Smiles and sighs of relief on exhausted and sleep-deprived faces was the scene in the United Nations Headquarters, New York, at 9:30pm on Saturday the 4th of March. The resumed fifth intergovernmental conference of the Biodiversity Beyond National Jurisdiction (BBNJ) negotiations ended 28 hours overtime with an agreed text. The BBNJ treaty, which has been in the making for over 21 years, saw the world come together to produce the first ocean treaty that focuses on the conservation and sustainable use of the “high seas” and the Area, located beyond a state’s economic exclusive zone (EEZ) almost 50% of the world’s surface, 64% of the ocean.
The treaty creates the foundations for how Area Based Management Tools (ABMT), including Marine Protected Areas (MPAs) will be set up and Environmental Impact Assessments (EIA), Capacity Building and Transfer of Marine Technology (CBTMT) as well as the management of Marine Genetic Resources (MGRs) will be conducted on the high seas. These will have huge implications for our island nation, since we are surrounded by water and everything that happens outside our borders are linked to our EEZ and internal coastal waters.
A Seychelles delegation of five, the largest delegation to date, actively participated in these negotiations with the support of the Seychelles Permanent Mission to the United Nations. Some of the Seychelles delegates’ attendance was made possible through their own innovative funding through grants, while others were made possible through the Division for Ocean Affairs and the Law of the Sea’s trust fund. As a Small Islands Developing State (SIDS) Seychelles negotiated within the Alliance of Small Island States (AOSIS) on matters relating to CBTMT and the special circumstances of SIDS. Seychelles was a key player within the African Group, not only leading the ABMT portfolio, with Marie-May Jeremie and Tamara Thomas as co-leads, but also co-leading the EIA component, with Mauritius, through co-lead Tamara Thomas. The Seychelles delegation also played an instrumental role across AOSIS and the African Group positions in shaping the outcomes of MGRs, CBTMT and cross-cutting sections of the treaty.
With Seychelles being both a SIDS and big ocean state that borders the high seas and has over 99% of its territory as ocean, this treaty’s aims and components are of national priority. Seychelles’ ecological connectivity to, and dependency on the ocean, like many other SIDS, as well as its leadership and expertise in Marine Spatial Planning and the Blue Economy, means that its experiences and future is linked to how this treaty works.
Being the coordinator and facilitator for the implementation of the BBNJ Treaty, the Department of Blue Economy shared “With a growing Blue Economy, the BBNJ treaty may benefit Seychelles in creating high seas marine protected areas that will help ensure Seychelles’ fisheries continue so that seafood production remains a pillar of our economy and provides food security. Moreover, measures to better access MGRs and share benefits of the high seas as well as ensure CBTMT takes place, can allow Seychelles to better manage its own waters, with training and equipment given to Seychelles being useful for ocean management within and outside of our national jurisdiction, with young Seychellois scientists, entrepreneurs and conservationists standing a good chance to benefit and further the impact of their work.” Ultimately, the way in which Seychelles continues to build on this treaty and make its voice heard will help determine how the treaty affects our country.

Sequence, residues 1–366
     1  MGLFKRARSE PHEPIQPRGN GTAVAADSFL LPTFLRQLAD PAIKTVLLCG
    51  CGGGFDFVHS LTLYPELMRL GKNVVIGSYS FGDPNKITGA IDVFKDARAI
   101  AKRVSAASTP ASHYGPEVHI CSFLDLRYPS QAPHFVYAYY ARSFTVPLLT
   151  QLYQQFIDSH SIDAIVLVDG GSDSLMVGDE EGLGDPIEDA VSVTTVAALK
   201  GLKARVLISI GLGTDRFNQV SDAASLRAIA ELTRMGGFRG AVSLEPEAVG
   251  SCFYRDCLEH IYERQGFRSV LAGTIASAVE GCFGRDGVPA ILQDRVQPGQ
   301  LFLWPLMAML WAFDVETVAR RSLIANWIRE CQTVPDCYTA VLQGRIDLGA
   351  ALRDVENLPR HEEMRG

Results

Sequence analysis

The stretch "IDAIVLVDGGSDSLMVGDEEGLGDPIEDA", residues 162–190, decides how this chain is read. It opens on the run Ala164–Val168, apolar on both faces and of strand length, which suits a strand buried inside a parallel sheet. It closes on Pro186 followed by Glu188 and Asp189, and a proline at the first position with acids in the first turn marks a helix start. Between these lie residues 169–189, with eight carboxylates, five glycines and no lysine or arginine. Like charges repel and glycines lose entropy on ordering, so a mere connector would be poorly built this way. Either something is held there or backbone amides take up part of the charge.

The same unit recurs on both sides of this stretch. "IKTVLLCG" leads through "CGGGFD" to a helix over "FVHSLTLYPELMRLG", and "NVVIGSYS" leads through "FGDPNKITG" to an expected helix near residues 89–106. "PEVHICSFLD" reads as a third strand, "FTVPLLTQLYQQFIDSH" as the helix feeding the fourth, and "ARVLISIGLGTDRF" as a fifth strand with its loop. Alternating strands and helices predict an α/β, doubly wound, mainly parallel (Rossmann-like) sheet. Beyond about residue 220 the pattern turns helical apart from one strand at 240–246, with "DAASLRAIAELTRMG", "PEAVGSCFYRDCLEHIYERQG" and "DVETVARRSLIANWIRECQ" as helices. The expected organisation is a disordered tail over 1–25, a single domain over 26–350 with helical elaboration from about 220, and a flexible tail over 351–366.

Asked about what does the BBNJ mean for Seychelles, Ambassador and Permanent Representative of Seychelles to the UN, Ian Madeleine said “The treaty itself amplifies some of the important initiatives that Seychelles has pioneered in relation to ABMTs and MPAs, to a global scale in order to secure healthy oceans through international cooperation. Beyond that, with an international agreement that makes provision for capacity building and technology transfer, there is potential for Seychelles to access the means to realise its environment conservation and sustainable development priorities.”
Looking over her experience of this treaty and its possible way forward Marie-May Jeremie explained “this treaty has been a long time coming, whilst it is not everything that we wanted, it forms a good basis for further high seas governance. Seychelles now has to ensure that it takes stock of its current capacity, become fully cognisant of the implications of the process and come ready to ratify the treaty when it is fully adopted”.
As a first time participant of the BBNJ negotiations and one of the few scientists in the room Sheena Talma shared; “This is just the start of our journey towards creating more equity in our ocean – the treaty language has given us some of the tools to build a foundation. It is imperative that Seychelles maintains a strong and strategic engagement with the processes to follow. What was clear to me is we need to ensure a diverse group of expertise and voices within these international spaces. ”
The Seychelles Government salutes Marie-May Jeremie, Sheena Talma, Chrissant Barbe, Tamara Thomas and Jeremy Raguain for their tireless work that helped produce a textual agreement, which constitutes a vital first step towards the way the world manages and protects the high seas.
Photos by IISD Earth Negotiations Bulletin Mike Muzurakis
Ministry of Fisheries and Blue Economy
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